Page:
“These cameras will be a part of the National Heavy Vehicle Regulator’s National Compliance Information System, which will amalgamate compliance and camera data from states and territories to provide a national set of heavy vehicle–related compliance and monitoring data.”
NHVR CEO Sal Petroccitto said putting more cameras on the ground was a critical step towards better data sharing across borders and would reinforce efforts to make Australia’s major freight networks safer.
“As we bring these cameras online, authorities can better detect risky behaviour and unsafe practices by heavy vehicles on our roads, which helps narrow our focus for compliance and enforcement efforts,” he said. “National visibility of vehicle movements will allow the NHVR and other enforcement agencies to identify drivers and operators who systematically flout fatigue laws.”
The NHVR is currently working with other state road transport authorities to identify additional camera sites along the busiest freight routes to maximise heavy vehicle monitoring capability.
In April, five sites along major Australian freight routes were identified and fitted with ANPR cameras, on the Hume Freeway at Wallan, Calder Freeway at Gisbourne, Western Freeway at Ballan, Goulburn Valley Freeway at Murchison and the Princess Freeway at Yarragon.
Each camera site costs between $200,000 and $800,000 to establish, depending on what infrastructure, power, communications and security facilities are already in place.

Data management top tech priority for global supply chain

A new survey carried out by supply chain operator Geodis has found that the top five technology supply chain priorities globally are all related to data management, they are data analysis, Internet of Things, cloud computing, info security and predictive analytics.
“In the wake of globalisation and rampant digitalisation, commercial trade flows have evolved dramatically,” the company said in a statement. “Both the volume and the scope of services managed within supply chain have reached unprecedented levels.”
Seventy per cent of respondents of the 2017 Supply Chain Worldwide survey stated that they consider their supply chain to be either ‘very’ or ‘extremely’ complex, and they also emphasise the strategic position it has reached in their overall organisation.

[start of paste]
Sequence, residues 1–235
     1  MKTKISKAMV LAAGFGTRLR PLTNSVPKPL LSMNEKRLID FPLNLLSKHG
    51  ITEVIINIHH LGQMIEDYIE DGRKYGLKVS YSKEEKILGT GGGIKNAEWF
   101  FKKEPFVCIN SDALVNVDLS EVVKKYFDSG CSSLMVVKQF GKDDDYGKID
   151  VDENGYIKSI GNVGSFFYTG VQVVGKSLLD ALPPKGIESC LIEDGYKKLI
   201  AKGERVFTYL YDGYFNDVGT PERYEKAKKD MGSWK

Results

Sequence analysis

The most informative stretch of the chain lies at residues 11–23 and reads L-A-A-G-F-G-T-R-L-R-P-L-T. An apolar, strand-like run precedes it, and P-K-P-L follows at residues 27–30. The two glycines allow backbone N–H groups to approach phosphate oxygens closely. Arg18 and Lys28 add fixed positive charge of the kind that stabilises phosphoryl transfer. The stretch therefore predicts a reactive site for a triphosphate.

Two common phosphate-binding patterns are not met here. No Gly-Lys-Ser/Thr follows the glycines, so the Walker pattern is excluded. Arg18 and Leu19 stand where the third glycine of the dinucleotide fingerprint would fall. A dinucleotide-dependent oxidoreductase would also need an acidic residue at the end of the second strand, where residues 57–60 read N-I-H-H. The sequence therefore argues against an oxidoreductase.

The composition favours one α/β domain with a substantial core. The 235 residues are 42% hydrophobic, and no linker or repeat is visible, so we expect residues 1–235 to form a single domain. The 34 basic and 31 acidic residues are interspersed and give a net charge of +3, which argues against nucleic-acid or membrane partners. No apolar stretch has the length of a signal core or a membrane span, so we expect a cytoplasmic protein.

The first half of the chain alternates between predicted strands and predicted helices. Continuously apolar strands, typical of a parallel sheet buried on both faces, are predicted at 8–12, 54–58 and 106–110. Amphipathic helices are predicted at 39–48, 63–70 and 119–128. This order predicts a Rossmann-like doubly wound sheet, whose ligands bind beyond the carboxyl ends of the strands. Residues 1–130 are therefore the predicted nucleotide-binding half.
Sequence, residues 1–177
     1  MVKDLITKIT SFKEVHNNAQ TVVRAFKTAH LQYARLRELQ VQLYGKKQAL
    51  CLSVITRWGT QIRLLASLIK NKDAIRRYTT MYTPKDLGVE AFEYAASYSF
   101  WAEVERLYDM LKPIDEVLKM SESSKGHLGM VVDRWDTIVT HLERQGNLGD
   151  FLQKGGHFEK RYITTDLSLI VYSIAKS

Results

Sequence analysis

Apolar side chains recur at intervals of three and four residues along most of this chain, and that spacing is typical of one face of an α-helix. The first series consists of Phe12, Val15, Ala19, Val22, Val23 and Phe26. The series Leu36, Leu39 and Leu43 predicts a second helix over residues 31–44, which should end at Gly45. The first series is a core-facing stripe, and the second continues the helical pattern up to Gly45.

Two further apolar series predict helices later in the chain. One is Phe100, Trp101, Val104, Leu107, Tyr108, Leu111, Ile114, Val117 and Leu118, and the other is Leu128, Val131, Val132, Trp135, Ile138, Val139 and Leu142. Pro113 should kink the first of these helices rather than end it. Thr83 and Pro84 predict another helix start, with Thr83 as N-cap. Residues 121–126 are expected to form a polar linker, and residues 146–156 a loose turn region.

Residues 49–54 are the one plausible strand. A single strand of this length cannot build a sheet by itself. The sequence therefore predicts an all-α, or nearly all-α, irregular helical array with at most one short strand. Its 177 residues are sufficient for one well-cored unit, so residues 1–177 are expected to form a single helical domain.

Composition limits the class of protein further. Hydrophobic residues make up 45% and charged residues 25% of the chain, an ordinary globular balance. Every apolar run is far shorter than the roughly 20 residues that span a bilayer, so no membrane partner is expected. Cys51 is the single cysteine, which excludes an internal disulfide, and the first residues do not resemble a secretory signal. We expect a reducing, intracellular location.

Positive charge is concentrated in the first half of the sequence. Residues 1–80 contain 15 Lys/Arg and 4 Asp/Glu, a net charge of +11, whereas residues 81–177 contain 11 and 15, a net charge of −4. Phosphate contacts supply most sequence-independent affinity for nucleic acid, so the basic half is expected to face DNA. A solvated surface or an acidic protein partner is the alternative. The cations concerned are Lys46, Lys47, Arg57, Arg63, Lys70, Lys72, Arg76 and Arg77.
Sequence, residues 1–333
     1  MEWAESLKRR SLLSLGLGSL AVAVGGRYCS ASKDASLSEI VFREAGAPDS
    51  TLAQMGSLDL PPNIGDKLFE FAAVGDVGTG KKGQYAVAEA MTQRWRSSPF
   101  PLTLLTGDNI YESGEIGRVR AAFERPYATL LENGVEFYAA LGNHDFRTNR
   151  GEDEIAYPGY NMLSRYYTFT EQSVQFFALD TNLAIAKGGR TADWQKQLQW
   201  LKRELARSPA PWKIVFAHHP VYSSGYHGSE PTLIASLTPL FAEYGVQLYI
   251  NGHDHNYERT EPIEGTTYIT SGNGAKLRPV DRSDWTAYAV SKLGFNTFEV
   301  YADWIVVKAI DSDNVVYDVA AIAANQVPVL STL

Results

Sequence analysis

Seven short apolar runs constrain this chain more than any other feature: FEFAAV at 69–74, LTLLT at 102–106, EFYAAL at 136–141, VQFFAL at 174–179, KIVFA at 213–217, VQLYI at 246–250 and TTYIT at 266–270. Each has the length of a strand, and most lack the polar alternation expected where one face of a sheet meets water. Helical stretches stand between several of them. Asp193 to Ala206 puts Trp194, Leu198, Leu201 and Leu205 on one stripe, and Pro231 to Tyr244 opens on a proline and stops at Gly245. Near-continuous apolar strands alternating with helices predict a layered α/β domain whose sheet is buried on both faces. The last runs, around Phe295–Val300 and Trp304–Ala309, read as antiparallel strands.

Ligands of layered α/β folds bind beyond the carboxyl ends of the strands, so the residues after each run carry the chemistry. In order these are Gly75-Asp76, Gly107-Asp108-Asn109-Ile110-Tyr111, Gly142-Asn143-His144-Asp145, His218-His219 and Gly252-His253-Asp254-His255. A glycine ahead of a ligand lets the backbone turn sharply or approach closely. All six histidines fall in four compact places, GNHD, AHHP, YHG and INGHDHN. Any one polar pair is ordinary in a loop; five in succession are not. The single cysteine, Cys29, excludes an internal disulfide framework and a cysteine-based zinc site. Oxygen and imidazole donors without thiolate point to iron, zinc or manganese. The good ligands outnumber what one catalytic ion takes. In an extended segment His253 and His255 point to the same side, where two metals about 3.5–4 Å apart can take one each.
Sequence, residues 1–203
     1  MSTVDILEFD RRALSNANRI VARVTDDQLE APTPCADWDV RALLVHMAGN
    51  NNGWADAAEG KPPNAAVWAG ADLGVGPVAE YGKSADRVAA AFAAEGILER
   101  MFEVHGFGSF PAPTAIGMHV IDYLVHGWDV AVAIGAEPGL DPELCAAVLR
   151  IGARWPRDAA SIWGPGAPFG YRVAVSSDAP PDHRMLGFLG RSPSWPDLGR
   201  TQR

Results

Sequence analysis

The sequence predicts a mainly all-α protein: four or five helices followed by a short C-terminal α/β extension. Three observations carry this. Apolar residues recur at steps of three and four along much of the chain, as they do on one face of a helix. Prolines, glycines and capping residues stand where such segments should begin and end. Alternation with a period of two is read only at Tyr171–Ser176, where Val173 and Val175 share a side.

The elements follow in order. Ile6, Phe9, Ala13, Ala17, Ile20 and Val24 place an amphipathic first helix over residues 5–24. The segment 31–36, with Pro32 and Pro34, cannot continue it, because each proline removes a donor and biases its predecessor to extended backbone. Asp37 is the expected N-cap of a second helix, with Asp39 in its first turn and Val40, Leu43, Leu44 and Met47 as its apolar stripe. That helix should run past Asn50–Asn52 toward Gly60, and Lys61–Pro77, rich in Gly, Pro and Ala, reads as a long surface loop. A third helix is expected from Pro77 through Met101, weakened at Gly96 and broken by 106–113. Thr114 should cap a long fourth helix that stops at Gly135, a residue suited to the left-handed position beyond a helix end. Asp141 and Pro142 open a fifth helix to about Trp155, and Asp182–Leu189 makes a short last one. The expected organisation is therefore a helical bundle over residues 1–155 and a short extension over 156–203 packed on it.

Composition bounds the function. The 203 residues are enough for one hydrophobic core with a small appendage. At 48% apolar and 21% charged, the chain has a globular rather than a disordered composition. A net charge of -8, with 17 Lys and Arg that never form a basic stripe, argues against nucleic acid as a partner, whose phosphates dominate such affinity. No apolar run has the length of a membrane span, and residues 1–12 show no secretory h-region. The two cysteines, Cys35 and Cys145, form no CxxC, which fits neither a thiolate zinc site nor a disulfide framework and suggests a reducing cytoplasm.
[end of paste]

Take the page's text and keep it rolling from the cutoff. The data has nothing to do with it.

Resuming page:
The majority – 57 per cent – of firms surveyed said that they consider their supply chain to be a competitive advantage, and 66 per cent dedicate 5–15 per cent of their turnover to supply chain spends.
Three quarters of the firms Geodis spoke to reported that they use four or five different transportation modes in their supply chain, with road (full truckload) and airfreight the two most common.
Focus on achieving full visibility over the supply chain – from suppliers of suppliers to clients of clients – has increased in recent years – it is now the third most important priority reported, while it came in sixth place in the 2015 survey. Only six per cent of firms succeeded in reaching this target, however.
“[The] supply chain has become more customer focused and mostly considered as a lever to win competitive advantage,” the statement concluded.
 

DHL partners with Amazon’s Alexa for parcel tracking

DHL Parcel is expanding its customer service to include a new voice-activated information service. DHL customers can now query Amazon’s digital smart speaker ‘Alexa’ for information on their parcel’s current whereabouts.
By activating Alexa’s DHL Parcel ‘skill’ via the Alexa app, users can ask their Amazon Echo or Echo Dot smart speaker to provide information on their shipment status, for example: “Alexa, ask DHL where my parcel is.” The voice-controlled interaction with Alexa is part of a DHL Parcel’s service strategy to improve customer experience. “The goal here is to make it quick and easy for every customer to receive an answer to his or her question at any time,” DHL said in a statement.
Michaela Lukas, head of DHL Parcel’s customer service for private customers said, “We want to continually expand and improve service levels for our customers, so of course we’re going to take a close look at any new and innovative technologies available.
“As an innovation leader in the industry, this is the standard we set for ourselves. Voice-enabled technologies, including hands-free interaction with online apps, will become more and more prevalent in the future.”
DHL will use user feedback to update the service later in the year.
 
 

DB Schenker wins freight forwarding and customs clearance contract

DB Schenker has announced that it has been awarded a contract to provide international freight forwarding and customs clearance services to Chevron Australia.
The three-year contract covers freight logistics movements as well as customs clearance requirements for Chevron’s interests in Western Australia.
To support the contract, DB Schenker will utilise its global network of oil and gas offices. The operations team in Perth will be supported by the DB Schenker iTeams software solution that allows for full visibility and tracking through all stages of the logistics cycle.
“We are proud to continue our relationship with Chevron. With our dedicated people around the world we have a strong record of operating safely and efficiently even on the most remote sites,” said Frank Vogel, Director Projects/Oil & Gas, AU/NZ. “The contract will support our goal to become the market leader in the industry by 2020.”